When the State of Alaska approved on-site consumption of marijuana in cannabis stores, it shifted the onus to local municipalities, which can choose to further regulate it. This week the Kenai City Council took the first steps to do just that, tasking the city attorney with drawing up a draft ordinance and looping in the planning and zoning commission.
But some members and at least one store owner aren’t convinced on-site consumption is going to be the next big thing, despite Alaska being the first state to legalize it.
Ryan Tunseth, owner of East Rip Cannabis, addressed the council on the subject.
“I thought it would be worth at least showing up and just sort of weighing in my thoughts and maybe A few things that might lend some perspective about the issue. Of course, the onsite endorsement applies to retail stores," he said. "I own a retail store within the city limits, and it's not something that I'm going to be trying to do. And really just because I don't think the compatibility for my location is something that will work.
“And so it's not initially something that that I that I have desire to do or plan to do. Personally, the that I feel like it should be allowed. Because it's sort of a liberty thing. Like if you have something that's legal, you should be able to, you know, exercise that," Tunseth said. "And so I'm not going to necessarily advocate for it or against it either way, but I do feel like it is something that should be allowed. And I would say keep that in mind, that I say that thinking because it was actually a pretty well crafted document. What it does, is it limit consumption quite a bit, no concentrates. It limits the consumption you can have of flower to one gram a day, which is essentially a joint. Most joints I sell come in one gram or half gram increments. And, and so it has very low limits.
“But it also comes with a pretty robust set of requirements, ventilation systems, separate areas, areas where the employees can be away from smoke, areas where you monitor it," he said. "And so I think what it actually will be is an answer for areas that needed it. Areas that had cruise ship passengers, places that just get inundated with people, and they had the option of smoking needed to and somewhere to go. And we'll also sort of satisfy this ability to maybe sample products before they're in there because of that low dosage. And, of course, the other requirements that are in there are restrictive against things like happy hours and games and stuff like that. So I think to view it in the context that what you'll see is smoking lounges and areas where people are hanging out smoking marijuana; I think it will be much more transient than that. and I really don't see it as a viable business model to be a smoking lounge for somebody that's in the business.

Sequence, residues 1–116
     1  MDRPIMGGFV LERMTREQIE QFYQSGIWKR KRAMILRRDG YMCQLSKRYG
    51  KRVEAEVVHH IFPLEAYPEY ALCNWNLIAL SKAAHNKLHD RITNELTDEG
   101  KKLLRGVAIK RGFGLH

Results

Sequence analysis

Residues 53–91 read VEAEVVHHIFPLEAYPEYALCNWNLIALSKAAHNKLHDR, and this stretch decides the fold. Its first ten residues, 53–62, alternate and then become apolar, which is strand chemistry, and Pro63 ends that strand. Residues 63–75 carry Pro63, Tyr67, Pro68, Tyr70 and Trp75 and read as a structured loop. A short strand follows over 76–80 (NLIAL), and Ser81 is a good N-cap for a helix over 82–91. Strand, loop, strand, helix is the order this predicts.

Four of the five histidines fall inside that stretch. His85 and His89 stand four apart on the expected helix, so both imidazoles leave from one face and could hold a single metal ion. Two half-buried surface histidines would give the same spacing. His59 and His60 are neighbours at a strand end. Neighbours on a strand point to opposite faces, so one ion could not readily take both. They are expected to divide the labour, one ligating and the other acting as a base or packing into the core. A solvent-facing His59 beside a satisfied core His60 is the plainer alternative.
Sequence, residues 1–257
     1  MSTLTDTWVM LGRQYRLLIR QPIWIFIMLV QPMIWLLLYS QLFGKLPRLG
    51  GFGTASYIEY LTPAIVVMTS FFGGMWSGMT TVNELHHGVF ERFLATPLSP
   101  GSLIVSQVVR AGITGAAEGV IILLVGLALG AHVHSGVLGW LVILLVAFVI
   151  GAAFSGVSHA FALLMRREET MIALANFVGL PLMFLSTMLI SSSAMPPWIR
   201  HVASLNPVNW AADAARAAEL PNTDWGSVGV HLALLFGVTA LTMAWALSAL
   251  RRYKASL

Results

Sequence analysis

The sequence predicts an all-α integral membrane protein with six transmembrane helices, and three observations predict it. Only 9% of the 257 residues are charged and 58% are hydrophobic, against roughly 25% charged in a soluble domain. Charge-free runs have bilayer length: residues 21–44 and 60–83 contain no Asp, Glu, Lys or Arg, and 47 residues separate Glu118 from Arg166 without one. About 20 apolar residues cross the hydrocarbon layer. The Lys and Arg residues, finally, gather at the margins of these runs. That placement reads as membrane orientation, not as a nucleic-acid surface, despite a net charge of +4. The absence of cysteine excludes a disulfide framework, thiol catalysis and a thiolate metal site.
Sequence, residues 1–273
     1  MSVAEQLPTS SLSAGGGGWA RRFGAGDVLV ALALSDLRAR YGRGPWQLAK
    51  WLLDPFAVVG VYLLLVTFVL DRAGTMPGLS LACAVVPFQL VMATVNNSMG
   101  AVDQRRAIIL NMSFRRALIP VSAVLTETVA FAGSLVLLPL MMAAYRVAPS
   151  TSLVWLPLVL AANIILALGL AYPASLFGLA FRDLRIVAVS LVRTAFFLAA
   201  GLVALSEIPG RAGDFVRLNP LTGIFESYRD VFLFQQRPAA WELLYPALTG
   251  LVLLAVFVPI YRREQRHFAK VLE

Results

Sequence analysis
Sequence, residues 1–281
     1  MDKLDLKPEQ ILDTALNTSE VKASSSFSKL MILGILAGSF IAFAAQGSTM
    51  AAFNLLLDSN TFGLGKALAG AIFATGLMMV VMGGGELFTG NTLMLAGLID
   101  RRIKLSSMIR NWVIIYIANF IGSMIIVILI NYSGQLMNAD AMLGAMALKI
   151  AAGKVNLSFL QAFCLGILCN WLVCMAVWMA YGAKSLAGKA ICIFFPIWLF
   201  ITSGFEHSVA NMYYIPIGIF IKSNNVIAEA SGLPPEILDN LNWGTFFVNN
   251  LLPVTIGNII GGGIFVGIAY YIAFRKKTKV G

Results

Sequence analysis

“Selling grams is great. Selling 10ths of grams is not something I’m necessarily interested in,” Tunseth added.
City Councilman Henry Knackstedt asked Tunseth for more details on how a smoking room might work.
“You know, you said it was maybe not real viable, you know, it would be more in a more transient place. You mentioned cruise ships and all that (but) for the city of Kenai, because that's our concern, do you see it to be at all viable for this type for consumption based on how you understand the regulations that somebody would actually do that here?,” Knackstedt asked.
“I think it would be viable. I think it's something that would work certainly be something you could add on to a standalone retail and it would work. I don't necessarily see it as something that's going to generate a whole lot of profit," Tunseth replied. "If it was something that I would apply to my business, I would see it more as a sales tool to sell other types of marijuana that you could come over to this area try that one if you liked it bought that one. As a model of being like a smoking lounge or a recreational area personally just don't see it.”
While agreeing that the city’s Planing and Zoning Commission should tackle the issue, Councilman Tim Navarre said he didn’t want to see an ordinance go there do die, hoping that the rules could be promulgated in an expedient fashion.
Our number this week is 2 — that’s how many chances we get to talk to officials about the state budget. Kenai Rep. Gary Knopp is bringing colleagues from the House Majority to the Soldotna Sports Center on Saturday evening, while on Monday evening Governor Mike Dunleavy is making a presentation at the Cannery Lodge, sponsored by the Koch Brother’s group, “Americans for Prosperity.”